In prior art systems, not only is the proper positioning of the electrodes usually beyond the capabilities of the patient himself, but requires a considerable amount of time even of an expert. A further disadvantage of prior-art systems is the need to provide each electrode with a direct lead connecting it to the stimulator. This implies the attachment, to each electrode, of a delicate lead which is prone to become entangled during the positioning of the electrode or to become disconnected.
It is one of the objects of the present invention to provide a porous pad to serve as an electrode/skin interface, which pad holds a substantial amount of conductive liquid and is easily peeled off the electrode for replacement.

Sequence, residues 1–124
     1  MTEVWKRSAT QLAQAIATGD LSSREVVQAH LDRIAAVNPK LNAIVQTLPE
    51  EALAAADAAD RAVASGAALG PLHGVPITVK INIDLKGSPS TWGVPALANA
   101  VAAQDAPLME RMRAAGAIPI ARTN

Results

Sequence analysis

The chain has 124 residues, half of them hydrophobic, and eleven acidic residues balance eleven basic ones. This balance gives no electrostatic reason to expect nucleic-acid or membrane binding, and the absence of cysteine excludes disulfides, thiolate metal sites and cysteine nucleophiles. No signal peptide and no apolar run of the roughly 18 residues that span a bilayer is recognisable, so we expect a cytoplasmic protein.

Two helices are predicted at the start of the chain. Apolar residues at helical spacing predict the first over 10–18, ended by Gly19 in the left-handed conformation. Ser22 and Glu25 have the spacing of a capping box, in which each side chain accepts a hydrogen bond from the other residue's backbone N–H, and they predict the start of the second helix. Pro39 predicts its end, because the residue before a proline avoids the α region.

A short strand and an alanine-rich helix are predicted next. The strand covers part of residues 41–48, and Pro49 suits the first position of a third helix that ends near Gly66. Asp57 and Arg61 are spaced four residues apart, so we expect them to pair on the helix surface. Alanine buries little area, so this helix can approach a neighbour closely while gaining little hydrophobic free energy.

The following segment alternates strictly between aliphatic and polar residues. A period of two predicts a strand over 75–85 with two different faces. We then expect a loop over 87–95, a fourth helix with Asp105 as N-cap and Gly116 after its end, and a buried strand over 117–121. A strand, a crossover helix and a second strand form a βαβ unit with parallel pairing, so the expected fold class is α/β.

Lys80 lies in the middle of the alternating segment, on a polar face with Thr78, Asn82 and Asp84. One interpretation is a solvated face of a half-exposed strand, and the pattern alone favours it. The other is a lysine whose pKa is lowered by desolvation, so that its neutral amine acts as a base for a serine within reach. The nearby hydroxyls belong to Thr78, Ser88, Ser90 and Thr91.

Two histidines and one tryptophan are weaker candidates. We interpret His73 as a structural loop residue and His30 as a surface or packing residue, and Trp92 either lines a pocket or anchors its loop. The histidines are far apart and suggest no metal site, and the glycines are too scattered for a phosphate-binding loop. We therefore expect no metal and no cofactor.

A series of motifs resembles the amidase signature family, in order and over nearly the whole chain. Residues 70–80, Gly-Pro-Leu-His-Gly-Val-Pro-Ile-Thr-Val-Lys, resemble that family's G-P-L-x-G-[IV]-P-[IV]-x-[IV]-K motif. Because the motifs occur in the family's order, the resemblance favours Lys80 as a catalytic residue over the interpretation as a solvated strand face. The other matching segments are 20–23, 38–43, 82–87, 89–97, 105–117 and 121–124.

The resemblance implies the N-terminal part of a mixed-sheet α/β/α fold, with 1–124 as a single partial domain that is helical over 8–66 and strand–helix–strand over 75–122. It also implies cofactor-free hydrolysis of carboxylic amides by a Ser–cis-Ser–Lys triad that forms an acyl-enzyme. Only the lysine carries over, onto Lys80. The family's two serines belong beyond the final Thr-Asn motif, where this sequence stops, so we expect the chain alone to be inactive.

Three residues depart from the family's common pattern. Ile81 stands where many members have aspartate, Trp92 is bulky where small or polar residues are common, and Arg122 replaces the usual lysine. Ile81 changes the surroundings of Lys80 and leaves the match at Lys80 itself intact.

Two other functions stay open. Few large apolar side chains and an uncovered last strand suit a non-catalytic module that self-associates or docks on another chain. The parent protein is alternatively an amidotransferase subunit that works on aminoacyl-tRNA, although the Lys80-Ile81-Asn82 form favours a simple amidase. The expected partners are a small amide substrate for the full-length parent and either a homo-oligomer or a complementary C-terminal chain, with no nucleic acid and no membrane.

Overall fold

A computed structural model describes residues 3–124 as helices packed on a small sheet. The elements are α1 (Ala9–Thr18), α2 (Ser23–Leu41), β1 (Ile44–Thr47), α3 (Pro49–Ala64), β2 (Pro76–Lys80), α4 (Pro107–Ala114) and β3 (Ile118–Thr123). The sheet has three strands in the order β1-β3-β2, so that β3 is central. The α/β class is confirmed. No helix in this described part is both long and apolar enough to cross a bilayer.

It is a further object of the present invention to provide an electrode system which allows the patient, without expert knowledge, to position an entire electrode array on his own arm in a matter of seconds.
It is still a further object of the invention to provide a system obviating the need to attach a lead to each electrode.
According to the invention, this is achieved by providing a disposable, liquid-impregnable adhesive cloth pad for an electrode/skin interface, comprising a cloth pad impregnable with, and substantially retaining, an electrically conductive liquid and adapted to be mounted on selected locations on the skin of a patient, an elecrically conductive electrode connectable to a stimulator for supplying stimulating impulses to said electrode, and at least one layer of an adhesive applied at least to a portion of said cloth pad, said at least one layer serving to removably attach said pad to said electrode.